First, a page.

Tyler Renshaw

Dr. Tyler RenshawTitle

Making Mental Health Screening Useful in Schools
Co-presenter with Dr. Anthony Roberson

Wednesday, November 10, 11;30 a.m. - 1:00 p.m. CDT

Abstract

School mental health screening is widely recognized as a pivotal practice for promoting early, efficient, accessible, and equitable mental health services for youth. Yet screening has become more complex in recent years and is no longer considered a single, unified practice. Rather, screening is more like a set of practices that serve different and complementary purposes to promote mental health. This webinar will help attendees understand how to make mental health screening useful in schools by (1) differentiating between frameworks and purposes of school mental health screening and (2) understanding how to match appropriate screening methods and procedures with these different frameworks and purposes. Applied case examples will also be provided to illustrate the usefulness of different approaches to mental health screening in schools.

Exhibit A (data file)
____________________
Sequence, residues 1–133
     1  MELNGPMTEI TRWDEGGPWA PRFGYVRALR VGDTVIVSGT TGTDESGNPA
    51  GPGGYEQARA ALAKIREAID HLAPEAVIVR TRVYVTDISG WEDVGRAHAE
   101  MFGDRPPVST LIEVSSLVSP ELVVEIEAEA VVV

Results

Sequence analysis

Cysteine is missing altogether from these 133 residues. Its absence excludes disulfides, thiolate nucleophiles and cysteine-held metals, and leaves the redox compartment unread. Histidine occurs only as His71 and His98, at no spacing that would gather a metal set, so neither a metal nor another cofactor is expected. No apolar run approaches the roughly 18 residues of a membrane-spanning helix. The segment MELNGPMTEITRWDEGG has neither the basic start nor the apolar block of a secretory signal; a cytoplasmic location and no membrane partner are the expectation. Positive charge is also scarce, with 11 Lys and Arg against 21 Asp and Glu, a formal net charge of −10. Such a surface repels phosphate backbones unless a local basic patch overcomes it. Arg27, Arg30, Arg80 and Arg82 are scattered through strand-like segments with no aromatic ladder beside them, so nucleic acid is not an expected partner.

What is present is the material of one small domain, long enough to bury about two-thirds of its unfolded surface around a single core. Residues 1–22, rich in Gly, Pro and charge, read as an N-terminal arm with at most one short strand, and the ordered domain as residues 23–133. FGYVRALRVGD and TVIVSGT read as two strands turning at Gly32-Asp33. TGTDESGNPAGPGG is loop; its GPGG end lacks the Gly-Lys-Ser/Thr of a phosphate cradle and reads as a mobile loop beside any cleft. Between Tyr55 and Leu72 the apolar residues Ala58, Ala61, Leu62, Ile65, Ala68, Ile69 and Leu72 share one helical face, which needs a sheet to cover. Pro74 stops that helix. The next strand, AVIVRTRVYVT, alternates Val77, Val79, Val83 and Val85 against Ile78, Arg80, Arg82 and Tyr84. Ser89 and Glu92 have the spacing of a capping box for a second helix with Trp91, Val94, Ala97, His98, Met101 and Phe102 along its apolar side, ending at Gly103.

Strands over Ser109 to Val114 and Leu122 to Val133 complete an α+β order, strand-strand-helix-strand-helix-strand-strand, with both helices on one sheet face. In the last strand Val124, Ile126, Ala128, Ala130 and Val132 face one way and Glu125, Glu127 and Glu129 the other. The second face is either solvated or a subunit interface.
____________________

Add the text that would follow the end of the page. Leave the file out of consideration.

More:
Bio

Tyler Renshaw (he/him), PhD, is an Associate Professor and Co-Director of the School Psychology Program in the Department of Psychology at Utah State University. He holds a doctoral degree in combined clinical / counseling / school psychology from the University of California at Santa Barbara. He is a Nationally Certified School Psychologist and a licensed School Psychologist and Psychology Resident in Utah. Tyler is a former Editor-in-Chief of Assessment for Effective Intervention and is a current Associate Editor of School Psychology Review. He is broadly interested in advancing the science that drives school mental health services and is particularly interested in validating brief rating scales for mental health screening in schools. Tyler is a past recipient of APA Division 16’s Lightner Witmer Award and has contributed to 70+ scholarly publications on school mental health and related topics.

LEARNING OBJECTIVES
  1. Differentiate between frameworks and purposes of school mental health screening;

  2. Understand how to match appropriate screening methods and procedures with different frameworks and purposes;

  3. Apply different approaches to mental health screening to real-life, school-based practice situations.